I really liked the Maile cardigan from the What To Knit When You're Expecting blog but I didn't like that it was written from the bottom up. I used the Sunnyside Cardigan as a template and figured out how to do it top down.
The lace panel is incorporated into the raglan increases on the front. The centre stitch of the 13 stitch lace pattern is the 'raglan' line. I incorporated the increases on each side of the lace panel. (pardon the dark spots - some dust has gotten inside my camera - grrr) I did a m1R on the right side of the stitch markers and m1L on the left side of the stitch markers.
Unlike the Sunnyside cardigan, I decided not to do the lace on the back. Instead, I designated a 'raglan stitch' as a knit stitch that I increased on either side on every right side row.
I had to decide how big to make the sweater so after swatching, I determined there were 7 stitches per inch using 3.25mm needles and the Lanett Superwash BabyUll yarn. I then multiplied 7 x the number of inches appropriate for the chest size of a 3 month old. Using Elizabeth Zimmermann's Percentage System (EPS) I determined how many stitches I needed for the arms (33% of chest diameter).It took some fiddling and experimenting but by process of elimination I figured out how many stitches I needed for the back and each of the fronts.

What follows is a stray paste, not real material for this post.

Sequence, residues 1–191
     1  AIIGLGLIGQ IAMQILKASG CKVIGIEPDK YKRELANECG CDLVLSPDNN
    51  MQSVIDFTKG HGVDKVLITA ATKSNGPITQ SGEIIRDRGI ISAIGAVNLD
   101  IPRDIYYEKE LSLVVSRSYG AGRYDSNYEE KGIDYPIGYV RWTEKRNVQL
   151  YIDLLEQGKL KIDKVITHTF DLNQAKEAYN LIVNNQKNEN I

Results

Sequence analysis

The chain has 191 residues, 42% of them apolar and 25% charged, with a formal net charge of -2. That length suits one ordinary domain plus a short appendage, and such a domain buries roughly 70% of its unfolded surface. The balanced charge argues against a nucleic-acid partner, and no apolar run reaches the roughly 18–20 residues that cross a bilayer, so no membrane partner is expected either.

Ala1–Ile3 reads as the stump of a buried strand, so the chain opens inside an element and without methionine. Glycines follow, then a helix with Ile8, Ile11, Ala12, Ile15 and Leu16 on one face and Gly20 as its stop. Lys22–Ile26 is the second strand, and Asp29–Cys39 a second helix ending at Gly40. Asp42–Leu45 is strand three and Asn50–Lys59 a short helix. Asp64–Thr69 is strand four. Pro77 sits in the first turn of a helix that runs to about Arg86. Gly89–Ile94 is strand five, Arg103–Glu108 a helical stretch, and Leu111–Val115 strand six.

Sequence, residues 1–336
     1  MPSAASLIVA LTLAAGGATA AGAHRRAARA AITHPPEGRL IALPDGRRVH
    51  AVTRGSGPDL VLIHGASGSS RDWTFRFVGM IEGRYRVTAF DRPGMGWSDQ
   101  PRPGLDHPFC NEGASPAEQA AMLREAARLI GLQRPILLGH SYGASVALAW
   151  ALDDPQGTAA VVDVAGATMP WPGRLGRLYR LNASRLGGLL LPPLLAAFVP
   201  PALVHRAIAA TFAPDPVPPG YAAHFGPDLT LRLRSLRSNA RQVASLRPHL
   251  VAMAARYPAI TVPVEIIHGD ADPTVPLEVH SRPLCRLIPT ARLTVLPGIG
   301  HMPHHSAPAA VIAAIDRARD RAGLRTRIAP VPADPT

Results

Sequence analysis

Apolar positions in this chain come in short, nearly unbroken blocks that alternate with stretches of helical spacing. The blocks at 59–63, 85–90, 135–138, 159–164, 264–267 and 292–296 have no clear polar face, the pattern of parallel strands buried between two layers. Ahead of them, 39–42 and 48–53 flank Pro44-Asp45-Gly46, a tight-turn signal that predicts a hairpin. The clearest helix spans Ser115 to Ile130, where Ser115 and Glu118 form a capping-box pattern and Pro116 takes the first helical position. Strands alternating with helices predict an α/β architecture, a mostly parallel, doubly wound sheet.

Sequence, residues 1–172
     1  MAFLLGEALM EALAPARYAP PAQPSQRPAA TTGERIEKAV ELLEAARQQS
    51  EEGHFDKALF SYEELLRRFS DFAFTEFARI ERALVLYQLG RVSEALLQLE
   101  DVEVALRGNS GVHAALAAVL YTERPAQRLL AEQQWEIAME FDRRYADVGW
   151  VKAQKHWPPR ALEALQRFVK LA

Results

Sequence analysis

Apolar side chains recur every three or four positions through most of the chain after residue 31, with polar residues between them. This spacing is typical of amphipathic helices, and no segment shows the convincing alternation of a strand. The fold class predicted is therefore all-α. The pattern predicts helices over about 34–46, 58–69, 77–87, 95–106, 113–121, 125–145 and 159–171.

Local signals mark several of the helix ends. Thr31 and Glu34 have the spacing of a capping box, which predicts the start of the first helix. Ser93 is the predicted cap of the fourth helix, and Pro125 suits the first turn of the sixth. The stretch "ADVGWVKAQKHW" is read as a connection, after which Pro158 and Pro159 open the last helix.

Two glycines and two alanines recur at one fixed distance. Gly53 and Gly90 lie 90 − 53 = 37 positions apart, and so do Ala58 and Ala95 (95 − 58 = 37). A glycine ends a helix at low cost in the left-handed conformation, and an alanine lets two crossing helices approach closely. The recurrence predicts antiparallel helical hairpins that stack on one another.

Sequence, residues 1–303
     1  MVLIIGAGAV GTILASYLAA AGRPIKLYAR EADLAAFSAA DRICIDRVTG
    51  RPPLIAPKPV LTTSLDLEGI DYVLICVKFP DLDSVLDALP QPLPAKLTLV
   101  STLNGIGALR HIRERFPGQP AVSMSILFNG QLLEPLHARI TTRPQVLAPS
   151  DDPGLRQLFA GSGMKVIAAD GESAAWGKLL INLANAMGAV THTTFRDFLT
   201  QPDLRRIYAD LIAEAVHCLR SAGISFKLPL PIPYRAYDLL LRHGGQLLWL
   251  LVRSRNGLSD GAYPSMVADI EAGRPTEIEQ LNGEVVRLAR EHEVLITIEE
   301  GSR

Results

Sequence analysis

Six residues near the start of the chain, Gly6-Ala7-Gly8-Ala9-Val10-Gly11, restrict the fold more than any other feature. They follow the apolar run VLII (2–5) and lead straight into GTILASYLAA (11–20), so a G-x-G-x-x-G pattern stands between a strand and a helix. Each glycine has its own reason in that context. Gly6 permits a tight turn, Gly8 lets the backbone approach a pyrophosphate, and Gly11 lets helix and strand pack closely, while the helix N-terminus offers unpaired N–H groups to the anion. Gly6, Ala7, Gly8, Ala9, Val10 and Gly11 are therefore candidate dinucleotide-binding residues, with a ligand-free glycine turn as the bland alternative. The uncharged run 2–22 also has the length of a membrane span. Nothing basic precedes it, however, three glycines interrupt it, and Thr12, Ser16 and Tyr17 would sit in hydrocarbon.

When I got down to the flower lace chart near the bottom of the sweater, I realized the pattern didn't work for top down. Instead, I decided to not bother with any lace around the bottom of the sweater and just finished it off with the garter stitch border.
I like the raglan lace pattern better knit top-down better than bottom up (shown below). To me, it makes more sense having the 'leaves' growing upward.
|Maile Sweater - original pattern knit from bottom up|
I got the buttons sewn on this most recent Provence Baby Cardigan